When stressing about finances, have you ever thought, “if only I made more money, all my problems would be solved”?
How could a higher income not ease your financial burden?
As it turns out, those earning more than you are just as stressed out about their finances. Perhaps even more so.
In fact, people earning higher incomes are increasingly filing for bankruptcy or consumer proposal. The average household income of those facing insolvency rose 5.5% in 2019 to $3,162 per month (after-tax), according to a study by Licensed Insolvency Trustees Hoyes, Michalos & Associates Inc.
“People are not getting a raise of this magnitude,” co-founder Doug Hoyes said in a release. “What is happening is that more prosperous households are now reaching the breaking point and tipping into insolvency.”
More money in, more money out
The reason why many never seem to get ahead—no matter how much they earn—is fairly simple.
“When we are making loads of money, we're not as careful with our spending…” Certified Financial Planner Liz Frazier wrote on Forbes. “We also increase our living expenses and spend to maximum capacity. The more we make, the more we can afford, so the more we spend.”
We ran some math on this. Of interest was how much income is left over at the end of the day for a household earning $75,000 vs. one making $150,000 (double).
After making some reasonable assumptions, here’s what we found:
When incomes rise, expenses tend to increase proportionately. The table above illustrates this.
More expensive homes, for example, require a larger mortgage and higher monthly payments, not to mention higher utility costs, property taxes and so on.
In the end, financial stress knows few demographic boundaries. That said, those earning well under the national household income do experience more financial anxiety, no question about it.
Of households earning less than $50,000 per year, half reported that they were financially stressed. That’s according to a study by the Canadian Payroll Association.
For households earning at least $150,000 annually, only one in five (20%) reported that they too were financially stressed.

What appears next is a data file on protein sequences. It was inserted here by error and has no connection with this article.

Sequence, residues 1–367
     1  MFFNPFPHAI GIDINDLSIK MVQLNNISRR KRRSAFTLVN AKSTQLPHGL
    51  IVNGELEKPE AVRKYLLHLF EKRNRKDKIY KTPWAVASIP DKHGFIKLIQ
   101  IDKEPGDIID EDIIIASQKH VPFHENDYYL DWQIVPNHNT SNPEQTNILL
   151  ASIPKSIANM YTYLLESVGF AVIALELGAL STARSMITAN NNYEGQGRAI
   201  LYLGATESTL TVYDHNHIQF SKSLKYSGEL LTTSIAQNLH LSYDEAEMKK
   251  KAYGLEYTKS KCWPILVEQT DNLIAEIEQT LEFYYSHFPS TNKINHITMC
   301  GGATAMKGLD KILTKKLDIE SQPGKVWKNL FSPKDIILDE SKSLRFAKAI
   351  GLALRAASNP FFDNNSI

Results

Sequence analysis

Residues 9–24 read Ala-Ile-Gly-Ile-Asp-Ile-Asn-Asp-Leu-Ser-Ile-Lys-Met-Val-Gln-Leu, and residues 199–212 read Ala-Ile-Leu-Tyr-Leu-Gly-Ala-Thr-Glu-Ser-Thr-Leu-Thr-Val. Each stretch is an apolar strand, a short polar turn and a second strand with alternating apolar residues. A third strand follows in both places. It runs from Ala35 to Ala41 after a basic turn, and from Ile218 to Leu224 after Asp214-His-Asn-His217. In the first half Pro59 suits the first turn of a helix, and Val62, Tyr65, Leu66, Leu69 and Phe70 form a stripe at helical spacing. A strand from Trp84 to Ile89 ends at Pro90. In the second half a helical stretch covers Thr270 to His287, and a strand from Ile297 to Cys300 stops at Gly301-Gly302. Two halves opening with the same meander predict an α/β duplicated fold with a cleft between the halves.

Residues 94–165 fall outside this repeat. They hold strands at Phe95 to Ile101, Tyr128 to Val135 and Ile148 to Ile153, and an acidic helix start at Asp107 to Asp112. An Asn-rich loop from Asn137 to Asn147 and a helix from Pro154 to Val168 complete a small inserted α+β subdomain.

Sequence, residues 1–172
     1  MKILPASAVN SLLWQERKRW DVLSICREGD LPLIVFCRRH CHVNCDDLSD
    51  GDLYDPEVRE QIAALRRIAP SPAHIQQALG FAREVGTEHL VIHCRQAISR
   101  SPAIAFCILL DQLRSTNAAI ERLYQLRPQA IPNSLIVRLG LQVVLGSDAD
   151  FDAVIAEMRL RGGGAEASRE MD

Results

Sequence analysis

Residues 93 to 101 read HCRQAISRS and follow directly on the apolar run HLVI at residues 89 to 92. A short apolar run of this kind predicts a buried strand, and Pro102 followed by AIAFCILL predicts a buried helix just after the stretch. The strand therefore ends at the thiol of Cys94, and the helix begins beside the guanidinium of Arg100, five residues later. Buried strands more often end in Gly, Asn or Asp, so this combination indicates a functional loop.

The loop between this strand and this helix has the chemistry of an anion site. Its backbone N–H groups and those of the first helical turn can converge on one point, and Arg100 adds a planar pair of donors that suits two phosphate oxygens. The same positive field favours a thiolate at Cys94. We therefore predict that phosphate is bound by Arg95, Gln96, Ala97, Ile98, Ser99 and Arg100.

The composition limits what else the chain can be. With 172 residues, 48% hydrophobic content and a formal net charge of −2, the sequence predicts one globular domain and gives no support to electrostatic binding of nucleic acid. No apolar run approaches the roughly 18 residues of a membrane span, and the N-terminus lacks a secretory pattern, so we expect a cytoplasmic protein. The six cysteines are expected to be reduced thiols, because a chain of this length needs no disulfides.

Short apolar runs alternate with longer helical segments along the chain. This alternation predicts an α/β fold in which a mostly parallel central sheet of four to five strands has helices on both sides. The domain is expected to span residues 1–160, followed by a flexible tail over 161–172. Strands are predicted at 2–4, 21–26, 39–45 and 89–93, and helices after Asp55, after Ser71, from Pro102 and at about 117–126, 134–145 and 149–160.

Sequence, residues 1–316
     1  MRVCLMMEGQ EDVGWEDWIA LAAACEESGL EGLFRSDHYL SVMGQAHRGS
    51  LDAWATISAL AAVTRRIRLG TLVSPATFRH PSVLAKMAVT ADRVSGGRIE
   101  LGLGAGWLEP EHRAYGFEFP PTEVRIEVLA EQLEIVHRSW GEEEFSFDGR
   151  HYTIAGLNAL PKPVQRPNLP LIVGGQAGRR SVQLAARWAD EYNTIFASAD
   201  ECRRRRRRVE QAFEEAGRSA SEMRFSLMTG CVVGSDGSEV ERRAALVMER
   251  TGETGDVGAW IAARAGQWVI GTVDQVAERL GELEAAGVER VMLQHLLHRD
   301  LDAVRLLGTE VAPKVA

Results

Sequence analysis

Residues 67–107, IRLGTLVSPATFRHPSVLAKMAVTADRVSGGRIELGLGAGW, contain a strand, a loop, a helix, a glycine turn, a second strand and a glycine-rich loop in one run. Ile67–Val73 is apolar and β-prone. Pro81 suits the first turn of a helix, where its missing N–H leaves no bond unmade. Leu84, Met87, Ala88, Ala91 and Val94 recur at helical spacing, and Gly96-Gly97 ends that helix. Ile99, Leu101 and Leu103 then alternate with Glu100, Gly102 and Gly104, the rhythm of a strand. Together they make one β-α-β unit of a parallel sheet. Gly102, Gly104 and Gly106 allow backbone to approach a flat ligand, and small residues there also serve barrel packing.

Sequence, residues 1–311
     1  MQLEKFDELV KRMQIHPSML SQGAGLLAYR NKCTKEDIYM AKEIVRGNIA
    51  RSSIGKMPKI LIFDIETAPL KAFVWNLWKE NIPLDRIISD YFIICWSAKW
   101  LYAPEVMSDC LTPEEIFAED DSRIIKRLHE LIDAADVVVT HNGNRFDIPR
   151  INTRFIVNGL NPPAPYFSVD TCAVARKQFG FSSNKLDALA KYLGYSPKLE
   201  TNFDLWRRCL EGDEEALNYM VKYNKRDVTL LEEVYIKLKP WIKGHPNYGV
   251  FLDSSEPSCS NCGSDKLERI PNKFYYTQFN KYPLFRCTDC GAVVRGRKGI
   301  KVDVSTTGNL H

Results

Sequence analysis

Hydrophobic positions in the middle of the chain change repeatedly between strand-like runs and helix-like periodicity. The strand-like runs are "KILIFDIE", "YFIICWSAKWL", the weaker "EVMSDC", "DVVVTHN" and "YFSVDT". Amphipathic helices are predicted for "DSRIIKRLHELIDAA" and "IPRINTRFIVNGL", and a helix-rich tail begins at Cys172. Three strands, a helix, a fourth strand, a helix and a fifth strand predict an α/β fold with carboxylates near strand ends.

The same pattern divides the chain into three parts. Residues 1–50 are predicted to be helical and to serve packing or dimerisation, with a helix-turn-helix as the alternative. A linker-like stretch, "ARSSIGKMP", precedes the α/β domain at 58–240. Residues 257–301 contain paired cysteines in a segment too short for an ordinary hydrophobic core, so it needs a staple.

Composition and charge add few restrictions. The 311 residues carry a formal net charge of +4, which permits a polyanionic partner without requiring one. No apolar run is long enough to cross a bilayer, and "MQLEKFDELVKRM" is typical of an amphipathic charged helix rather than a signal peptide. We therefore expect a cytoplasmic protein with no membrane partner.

Regardless of income bracket, “…when we spend beyond our means, financial stress follows,” the association noted.
By the way: That same study also found financial stress is prevalent in all age demographics. Half of those who reported being financially stressed are over the age of 40, with a quarter of them (25%) over the age of 50.
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How to nip that stress
Since financial anxiety is common among those of all income levels, one key solution is universal: be prepared for the unexpected.
Having an emergency cash fund or line of credit is essential. You need one that can sustain you for three to six months in the event of sudden job loss (perhaps due to a global pandemic) or unexpected expenses.
“What the research does in fact reveal is that, more than age or income, it’s actually the ability of working Canadians to deal with brief financial setbacks—like missing a paycheque—that most affects financial stress,” the CPA study notes. This is exactly why mortgage deferrals and government income subsidies have kept this recession from turning into a depression.
A home equity line of credit (HELOC) can serve the same purpose. It’s why we recommend that borrowers who live within their means and have more than 20% equity consider one. That is, if they don’t have sufficient liquid savings to fall back on.
HELOCs cost as low as $300 to set up. If you already have a mortgage, providers like Simplii Financial or Manulife Bank can provide a HELOC at a low cost. You can keep it behind your first mortgage, even if you move your first mortgage to a new lender.
HELOCs and emergency funds are essential for peace of mind. And knowing you have a financial lifeline makes for a better night's sleep, regardless of your income or age.